Under current law, the Commissioner may rely on alternative theories supported by a different methodology than that used in the notice of deficiency. This reliance does not necessarily place the burden on the Commissioner or render the notice of deficiency arbitrary, capricious, or unreasonable. See Altama Delta Corp. v. Commissioner, 104 T.C. 424, 458 (1995) (citing Sundstrand Corp. v. Commissioner, 96 T.C. 226, 354-355 (1991)).

However, if the Commissioner abandons the notice of deficiency, then the notice of deficiency is no longer presumed correct, and all that remains is for Petitioners to show that the transaction was conducted at arm's length. See DHL Corp. v. Commissioner, 76 T.C.M. (CCH) 1122, 1144 (1998).

In the instant case, the tax court found that the Commissioner had not abandoned the notices of deficiency:

"Although the Moore allocation differs from the amounts allowed by respondent in the notices of deficiency, respondent is explicit in stating that he has not abandoned the notice and, we believe, relies on the Moore allocation only to prove a reasonable allocation on the contingency that petitioners succeed in showing the respondent's allocation to be arbitrary, capricious, or unreasonable."

Kenco Restaurants, Inc. v. Commissioner, 76 T.C.M. (CCH) 512, 517 (1998).

Upon our review of the record, we agree with the tax court and find that the Commissioner did not abandon the notices of deficiency. The record does not support that either the Commissioner or Moore rejected Camper's method in favor of the time-based method. Also, as shown below in the second issue, the Commissioner had no reason to establish an arm's-length charge other than as a contingency argument in case Petitioners overcame the initial presumption.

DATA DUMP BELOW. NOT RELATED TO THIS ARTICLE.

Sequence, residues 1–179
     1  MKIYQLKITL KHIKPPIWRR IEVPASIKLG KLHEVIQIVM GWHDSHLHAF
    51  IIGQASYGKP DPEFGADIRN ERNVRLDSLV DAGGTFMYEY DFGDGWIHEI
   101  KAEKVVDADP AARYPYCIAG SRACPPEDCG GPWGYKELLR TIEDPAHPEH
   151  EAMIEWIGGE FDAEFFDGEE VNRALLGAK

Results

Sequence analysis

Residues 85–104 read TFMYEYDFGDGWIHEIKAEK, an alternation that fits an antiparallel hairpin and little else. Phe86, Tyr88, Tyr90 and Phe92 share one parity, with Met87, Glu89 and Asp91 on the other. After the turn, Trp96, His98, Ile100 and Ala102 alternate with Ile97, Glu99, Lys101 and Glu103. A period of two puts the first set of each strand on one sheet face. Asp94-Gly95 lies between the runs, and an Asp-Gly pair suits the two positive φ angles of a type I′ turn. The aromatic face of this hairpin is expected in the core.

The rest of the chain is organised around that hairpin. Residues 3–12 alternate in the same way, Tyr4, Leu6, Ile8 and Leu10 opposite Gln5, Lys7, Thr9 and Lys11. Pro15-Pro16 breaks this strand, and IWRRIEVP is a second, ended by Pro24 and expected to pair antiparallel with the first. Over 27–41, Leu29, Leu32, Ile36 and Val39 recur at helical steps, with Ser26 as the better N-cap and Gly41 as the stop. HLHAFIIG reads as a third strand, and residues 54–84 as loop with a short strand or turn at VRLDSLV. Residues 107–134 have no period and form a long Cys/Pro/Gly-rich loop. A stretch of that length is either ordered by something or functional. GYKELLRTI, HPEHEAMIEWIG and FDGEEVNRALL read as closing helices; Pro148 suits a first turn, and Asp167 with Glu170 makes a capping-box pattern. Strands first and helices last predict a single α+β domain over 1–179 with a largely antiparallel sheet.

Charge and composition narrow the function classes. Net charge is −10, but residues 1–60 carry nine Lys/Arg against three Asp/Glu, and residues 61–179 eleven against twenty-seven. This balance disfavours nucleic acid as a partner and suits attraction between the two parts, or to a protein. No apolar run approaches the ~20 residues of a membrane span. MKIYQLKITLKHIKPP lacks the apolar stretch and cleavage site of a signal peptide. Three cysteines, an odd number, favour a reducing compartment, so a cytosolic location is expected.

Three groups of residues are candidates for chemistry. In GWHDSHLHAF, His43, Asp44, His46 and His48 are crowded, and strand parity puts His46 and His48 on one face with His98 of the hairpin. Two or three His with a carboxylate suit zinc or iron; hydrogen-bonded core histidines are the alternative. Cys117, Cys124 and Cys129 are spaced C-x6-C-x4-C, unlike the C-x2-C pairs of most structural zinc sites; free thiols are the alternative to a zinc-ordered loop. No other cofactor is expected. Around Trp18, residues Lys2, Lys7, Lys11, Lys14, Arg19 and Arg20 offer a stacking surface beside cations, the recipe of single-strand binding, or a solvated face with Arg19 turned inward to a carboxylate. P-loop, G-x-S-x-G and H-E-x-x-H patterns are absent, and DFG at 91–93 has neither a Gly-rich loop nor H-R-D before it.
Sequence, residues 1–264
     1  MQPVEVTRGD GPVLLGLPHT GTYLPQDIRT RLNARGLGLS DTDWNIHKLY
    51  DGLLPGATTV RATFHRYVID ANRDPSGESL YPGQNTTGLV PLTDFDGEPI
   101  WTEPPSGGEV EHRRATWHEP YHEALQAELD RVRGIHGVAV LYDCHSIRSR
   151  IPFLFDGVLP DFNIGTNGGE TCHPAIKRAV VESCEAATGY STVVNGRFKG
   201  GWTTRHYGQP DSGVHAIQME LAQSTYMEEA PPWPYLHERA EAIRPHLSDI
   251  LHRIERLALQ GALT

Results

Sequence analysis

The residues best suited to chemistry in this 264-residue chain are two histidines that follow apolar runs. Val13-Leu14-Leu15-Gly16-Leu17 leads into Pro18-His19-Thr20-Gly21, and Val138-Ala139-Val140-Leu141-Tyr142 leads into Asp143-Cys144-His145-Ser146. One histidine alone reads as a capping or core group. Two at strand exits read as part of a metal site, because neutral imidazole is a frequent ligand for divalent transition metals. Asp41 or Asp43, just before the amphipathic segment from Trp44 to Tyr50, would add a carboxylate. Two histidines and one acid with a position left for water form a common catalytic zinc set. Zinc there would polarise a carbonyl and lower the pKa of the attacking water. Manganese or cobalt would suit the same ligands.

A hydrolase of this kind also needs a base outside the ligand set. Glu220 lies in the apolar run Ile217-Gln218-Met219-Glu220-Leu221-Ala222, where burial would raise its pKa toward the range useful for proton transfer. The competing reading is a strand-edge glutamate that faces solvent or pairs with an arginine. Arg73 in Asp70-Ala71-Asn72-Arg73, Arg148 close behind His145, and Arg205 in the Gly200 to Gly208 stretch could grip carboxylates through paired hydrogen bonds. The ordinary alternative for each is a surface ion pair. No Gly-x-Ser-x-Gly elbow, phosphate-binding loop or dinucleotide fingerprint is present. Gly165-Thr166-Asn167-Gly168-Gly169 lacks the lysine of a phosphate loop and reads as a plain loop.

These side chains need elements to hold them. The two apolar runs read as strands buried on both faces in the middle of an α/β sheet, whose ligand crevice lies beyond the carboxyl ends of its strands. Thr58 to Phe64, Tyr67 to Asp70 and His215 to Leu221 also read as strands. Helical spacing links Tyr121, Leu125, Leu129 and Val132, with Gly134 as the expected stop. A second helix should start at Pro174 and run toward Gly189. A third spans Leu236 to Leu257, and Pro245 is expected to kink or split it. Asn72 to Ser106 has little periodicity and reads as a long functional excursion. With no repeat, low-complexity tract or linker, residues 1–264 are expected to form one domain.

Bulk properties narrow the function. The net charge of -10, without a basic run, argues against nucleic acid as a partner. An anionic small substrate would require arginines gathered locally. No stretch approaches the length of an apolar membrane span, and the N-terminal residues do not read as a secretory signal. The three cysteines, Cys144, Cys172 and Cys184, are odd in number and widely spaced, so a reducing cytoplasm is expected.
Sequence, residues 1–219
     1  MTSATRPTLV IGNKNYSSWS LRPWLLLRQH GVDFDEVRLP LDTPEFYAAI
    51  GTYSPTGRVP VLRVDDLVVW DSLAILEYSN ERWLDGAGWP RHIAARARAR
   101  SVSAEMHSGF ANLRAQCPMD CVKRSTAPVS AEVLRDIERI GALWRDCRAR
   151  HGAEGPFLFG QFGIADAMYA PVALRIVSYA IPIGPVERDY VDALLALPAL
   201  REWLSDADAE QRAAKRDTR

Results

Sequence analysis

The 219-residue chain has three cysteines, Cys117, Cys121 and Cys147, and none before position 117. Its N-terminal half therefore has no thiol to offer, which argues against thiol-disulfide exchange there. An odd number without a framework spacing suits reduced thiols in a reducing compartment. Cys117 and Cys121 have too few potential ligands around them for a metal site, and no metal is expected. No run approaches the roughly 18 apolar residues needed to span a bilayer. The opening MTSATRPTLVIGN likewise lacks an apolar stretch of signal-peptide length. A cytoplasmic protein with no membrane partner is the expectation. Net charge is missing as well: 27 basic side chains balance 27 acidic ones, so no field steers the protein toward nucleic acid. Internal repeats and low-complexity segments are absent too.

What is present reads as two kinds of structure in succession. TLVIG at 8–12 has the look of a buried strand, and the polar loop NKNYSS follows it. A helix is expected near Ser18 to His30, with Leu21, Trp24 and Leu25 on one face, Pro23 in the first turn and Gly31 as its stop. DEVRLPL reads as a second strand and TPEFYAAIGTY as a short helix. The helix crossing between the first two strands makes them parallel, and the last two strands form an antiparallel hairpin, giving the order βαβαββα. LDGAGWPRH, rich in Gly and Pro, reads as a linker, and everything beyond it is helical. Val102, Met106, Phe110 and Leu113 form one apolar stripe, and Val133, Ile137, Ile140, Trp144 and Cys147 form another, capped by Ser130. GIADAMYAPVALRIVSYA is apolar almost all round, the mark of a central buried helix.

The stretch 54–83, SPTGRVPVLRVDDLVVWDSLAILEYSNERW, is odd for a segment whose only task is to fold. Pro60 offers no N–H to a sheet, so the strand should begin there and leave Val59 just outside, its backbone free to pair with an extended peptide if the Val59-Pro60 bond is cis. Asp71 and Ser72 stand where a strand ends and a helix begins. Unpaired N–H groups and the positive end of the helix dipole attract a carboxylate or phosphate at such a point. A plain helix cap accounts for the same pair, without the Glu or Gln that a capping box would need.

The second issue we address is whether Petitioners have shown that the reallocations contained in the notice of deficiency are arbitrary, capricious, or unreasonable. Because deficiency notices have a presumption of correctness, Petitioners have the burden of overcoming this presumption by proving that their initial allocations were arm's length.

Petitioners contend that the Commissioner's reallocation method is arbitrary, capricious, or unreasonable for the following three reasons. First, the Commissioner's methodology ignores the special situations that justified Petitioners' initial allocations. Second, Petitioners contend that their fee allocation is reasonable and arm's length because it represents the actual time spent on managing and operating each Group member. Petitioners further argue that these records were in fact created and monitored even though they were inadvertently destroyed. Third, Moore, the Commissioner's expert, conceded that Petitioners' method of allocating time was reasonable because Moore's method is identical and differs only as to hours.